I got home from the office early tonight. My last appointment was with a wonderful couple I’ve seen for a few years. The woman didn’t look like her usual smiling self and said she didn’t feel good. On the drive to my office she suddenly had a strange feeling that spread all over her chest, felt nauseated, had pain across her shoulders. They thought it was anxiety.
I sent them to the nearest emergency room. Why? I NEVER assume physical symptoms are simply stress or anxiety unless a person has ALREADY had it checked by a doctor and disorders/disease have been ruled out. It is better to be relieved that it’s just stress rather than to be dead or disabled because you dismissed the symptoms.
I hope that they both are upset with me
for sending them to the emergency room because all she was experiencing was a stress reaction.
Heart Attack Warnings Can Be Subtle
“Cardiovascular disease (CVD) is the leading killer of women in America, accounting for over one-third of all deaths. That’s more than the combined death rates from breast, ovarian, and cervical cancers.
“Studies on cardiac events in women reveal that many women may experience prodromal — or early — symptoms of cardiac distress in the days, weeks, or even months leading up to a heart attack. Unfortunately, many of these signs may be dismissed as nothing out of the ordinary — by both women and their doctors. The most common early warning signs include:
71% Unusual fatigue — “Fatigue is a common complaint and one that may indicate that you’re simply missing out on sleep, fighting a virus, overextending yourself, or experiencing a side effect to medication. But unusual or extreme fatigue may also be an early heart attack symptom or a warning sign of heart disease. In one study, more than 70% of the women surveyed experienced marked fatigue in the days or weeks prior to their heart attacks.”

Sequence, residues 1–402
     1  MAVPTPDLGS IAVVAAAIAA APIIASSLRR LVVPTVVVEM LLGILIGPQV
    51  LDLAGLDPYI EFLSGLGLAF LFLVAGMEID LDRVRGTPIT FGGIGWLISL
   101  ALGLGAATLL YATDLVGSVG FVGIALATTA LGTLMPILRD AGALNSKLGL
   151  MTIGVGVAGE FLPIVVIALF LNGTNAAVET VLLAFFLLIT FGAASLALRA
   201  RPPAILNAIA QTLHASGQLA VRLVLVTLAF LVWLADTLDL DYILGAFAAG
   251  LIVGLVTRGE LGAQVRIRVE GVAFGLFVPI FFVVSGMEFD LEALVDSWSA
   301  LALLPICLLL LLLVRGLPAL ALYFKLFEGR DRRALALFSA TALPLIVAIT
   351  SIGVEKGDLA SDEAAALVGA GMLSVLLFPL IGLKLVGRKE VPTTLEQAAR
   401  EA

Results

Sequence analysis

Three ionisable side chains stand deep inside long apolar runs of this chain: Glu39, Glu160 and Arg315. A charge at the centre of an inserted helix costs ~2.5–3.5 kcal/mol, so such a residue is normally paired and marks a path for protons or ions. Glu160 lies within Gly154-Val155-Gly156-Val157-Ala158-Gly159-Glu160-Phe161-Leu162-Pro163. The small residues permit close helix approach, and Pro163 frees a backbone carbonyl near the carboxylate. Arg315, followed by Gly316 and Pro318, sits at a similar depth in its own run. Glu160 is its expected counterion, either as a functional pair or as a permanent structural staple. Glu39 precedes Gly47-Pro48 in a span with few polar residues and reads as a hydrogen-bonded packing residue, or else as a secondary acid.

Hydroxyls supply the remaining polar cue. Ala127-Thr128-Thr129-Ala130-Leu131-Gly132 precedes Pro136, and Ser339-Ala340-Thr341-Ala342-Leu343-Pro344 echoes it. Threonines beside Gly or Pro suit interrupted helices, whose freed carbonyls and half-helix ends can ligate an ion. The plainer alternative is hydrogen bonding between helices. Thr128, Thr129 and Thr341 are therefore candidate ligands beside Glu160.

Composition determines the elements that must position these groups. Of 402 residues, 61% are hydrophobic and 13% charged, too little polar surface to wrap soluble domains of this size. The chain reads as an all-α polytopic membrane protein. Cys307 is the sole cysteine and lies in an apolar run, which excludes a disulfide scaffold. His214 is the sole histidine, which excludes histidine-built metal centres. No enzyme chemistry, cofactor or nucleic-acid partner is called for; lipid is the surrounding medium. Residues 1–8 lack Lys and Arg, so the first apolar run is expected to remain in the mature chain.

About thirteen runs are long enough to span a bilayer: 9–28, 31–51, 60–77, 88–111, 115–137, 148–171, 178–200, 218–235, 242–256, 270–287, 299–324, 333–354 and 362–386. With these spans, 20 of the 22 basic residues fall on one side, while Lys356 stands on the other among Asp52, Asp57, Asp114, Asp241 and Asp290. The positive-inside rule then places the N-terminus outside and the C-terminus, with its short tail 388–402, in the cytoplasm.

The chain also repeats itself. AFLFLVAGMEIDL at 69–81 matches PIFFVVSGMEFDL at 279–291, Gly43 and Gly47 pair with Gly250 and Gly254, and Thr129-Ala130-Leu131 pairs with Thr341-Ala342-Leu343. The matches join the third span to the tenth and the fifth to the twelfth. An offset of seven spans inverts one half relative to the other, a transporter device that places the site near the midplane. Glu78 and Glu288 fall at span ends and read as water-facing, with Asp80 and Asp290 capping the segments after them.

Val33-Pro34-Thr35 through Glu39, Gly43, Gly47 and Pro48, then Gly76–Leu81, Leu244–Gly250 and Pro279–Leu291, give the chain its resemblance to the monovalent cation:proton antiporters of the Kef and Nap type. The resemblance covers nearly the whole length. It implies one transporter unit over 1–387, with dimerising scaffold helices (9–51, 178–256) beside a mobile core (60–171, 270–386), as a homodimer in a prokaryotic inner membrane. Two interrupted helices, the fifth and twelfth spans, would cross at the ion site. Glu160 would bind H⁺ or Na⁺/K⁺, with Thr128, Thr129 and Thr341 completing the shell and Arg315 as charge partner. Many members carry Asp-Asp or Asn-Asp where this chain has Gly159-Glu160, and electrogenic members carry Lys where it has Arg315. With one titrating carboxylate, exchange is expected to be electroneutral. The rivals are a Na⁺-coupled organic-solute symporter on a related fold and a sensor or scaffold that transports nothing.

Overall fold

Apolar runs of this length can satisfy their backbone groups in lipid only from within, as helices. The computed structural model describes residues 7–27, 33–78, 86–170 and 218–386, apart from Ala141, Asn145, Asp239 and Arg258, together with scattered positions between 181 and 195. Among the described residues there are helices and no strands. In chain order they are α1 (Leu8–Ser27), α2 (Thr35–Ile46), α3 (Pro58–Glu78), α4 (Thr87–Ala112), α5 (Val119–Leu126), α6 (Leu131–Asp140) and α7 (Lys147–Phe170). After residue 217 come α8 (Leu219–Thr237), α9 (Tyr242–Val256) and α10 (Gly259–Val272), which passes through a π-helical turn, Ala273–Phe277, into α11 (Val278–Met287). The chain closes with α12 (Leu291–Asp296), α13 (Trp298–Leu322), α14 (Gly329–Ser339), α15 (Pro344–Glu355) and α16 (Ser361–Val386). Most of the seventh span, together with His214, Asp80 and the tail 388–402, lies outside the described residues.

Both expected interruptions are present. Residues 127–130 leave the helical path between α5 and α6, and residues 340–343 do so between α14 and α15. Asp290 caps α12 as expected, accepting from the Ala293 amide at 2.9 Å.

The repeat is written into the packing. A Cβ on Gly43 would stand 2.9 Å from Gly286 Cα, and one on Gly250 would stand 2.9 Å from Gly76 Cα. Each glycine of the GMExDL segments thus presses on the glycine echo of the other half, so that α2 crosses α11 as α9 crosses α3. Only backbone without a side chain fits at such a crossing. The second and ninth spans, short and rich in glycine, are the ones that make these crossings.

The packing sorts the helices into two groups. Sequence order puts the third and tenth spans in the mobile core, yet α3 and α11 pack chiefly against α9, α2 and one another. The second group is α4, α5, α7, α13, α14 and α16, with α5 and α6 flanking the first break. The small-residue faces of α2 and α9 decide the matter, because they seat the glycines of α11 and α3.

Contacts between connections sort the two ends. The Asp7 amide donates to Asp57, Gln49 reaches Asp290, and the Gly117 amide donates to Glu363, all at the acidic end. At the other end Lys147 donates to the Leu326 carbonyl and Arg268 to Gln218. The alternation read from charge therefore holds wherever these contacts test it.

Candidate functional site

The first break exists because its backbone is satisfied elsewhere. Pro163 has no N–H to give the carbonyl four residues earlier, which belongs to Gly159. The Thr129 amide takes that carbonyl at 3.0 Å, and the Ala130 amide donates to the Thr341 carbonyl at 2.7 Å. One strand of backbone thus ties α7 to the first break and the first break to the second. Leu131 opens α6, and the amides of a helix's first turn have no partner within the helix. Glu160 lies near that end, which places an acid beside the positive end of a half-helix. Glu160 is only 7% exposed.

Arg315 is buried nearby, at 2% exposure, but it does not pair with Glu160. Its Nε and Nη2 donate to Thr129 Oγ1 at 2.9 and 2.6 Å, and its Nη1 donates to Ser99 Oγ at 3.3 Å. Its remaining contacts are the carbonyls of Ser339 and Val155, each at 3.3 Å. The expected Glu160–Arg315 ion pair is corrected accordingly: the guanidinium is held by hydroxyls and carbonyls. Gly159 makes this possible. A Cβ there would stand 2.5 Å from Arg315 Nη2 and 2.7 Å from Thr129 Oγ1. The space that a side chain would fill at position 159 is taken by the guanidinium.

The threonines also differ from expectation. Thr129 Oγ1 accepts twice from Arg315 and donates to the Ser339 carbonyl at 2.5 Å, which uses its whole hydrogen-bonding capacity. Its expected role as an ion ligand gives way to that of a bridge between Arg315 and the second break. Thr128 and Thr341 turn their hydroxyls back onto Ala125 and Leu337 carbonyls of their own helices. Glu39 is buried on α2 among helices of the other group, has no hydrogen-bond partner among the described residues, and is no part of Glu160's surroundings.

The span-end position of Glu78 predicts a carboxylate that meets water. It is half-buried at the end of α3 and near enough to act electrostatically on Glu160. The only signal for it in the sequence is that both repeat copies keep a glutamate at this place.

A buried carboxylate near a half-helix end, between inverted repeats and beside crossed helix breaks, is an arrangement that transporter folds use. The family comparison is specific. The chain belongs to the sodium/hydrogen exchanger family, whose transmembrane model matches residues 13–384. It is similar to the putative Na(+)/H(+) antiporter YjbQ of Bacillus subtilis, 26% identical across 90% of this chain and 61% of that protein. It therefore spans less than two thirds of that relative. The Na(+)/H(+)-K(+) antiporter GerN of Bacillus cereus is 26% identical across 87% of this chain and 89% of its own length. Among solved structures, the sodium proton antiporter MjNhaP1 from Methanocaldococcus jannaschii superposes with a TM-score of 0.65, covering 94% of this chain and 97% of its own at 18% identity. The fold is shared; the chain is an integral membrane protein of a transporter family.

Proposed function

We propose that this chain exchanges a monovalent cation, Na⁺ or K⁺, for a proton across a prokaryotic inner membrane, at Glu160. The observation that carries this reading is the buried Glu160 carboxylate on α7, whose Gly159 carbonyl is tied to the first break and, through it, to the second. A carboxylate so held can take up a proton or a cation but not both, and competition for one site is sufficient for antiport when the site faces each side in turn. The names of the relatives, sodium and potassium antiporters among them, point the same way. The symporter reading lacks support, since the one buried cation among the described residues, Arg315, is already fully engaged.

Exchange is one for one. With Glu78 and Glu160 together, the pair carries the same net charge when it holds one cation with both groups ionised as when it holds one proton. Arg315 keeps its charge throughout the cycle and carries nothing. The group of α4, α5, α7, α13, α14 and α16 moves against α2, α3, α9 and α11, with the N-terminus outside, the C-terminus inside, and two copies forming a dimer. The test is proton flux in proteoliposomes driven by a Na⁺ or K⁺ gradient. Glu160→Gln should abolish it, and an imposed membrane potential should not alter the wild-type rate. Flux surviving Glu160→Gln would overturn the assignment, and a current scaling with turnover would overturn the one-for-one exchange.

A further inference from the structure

48% Sleep disturbances –– “It’s not unusual to feel tired due to a lack of sleep or a particularly demanding week or month, you should still take special notice of any unusual or prolonged disturbance in your sleep patterns. A recent study revealed that almost half of the women who had recently suffered a heart attack also experienced sleep disturbances in the days or weeks leading up to their attacks.”
42% Shortness of breath during normal daily activities,
30% Chest Pain
“So how do you know if your symptoms are serious? Getting into the habit of noting your typical aches and pains and your normal reactions to foods and activities may help you recognize when something is truly amiss. Also, remember that if you have risk factors for heart disease, you should be especially vigilant about monitoring how you feel — particularly if any of your usual symptoms are often early heart attack signs. If you experience worrisome or unusual changes in your energy level, comfort, or sleep habits, you should discuss your concerns with your healthcare provider, especially if you have heart disease risk factors, such as high blood pressure, high cholesterol, obesity, diabetes, a smoking habit, or a sedentary lifestyle. (Here are 12 things you can do right now to help prevent a heart attack.)”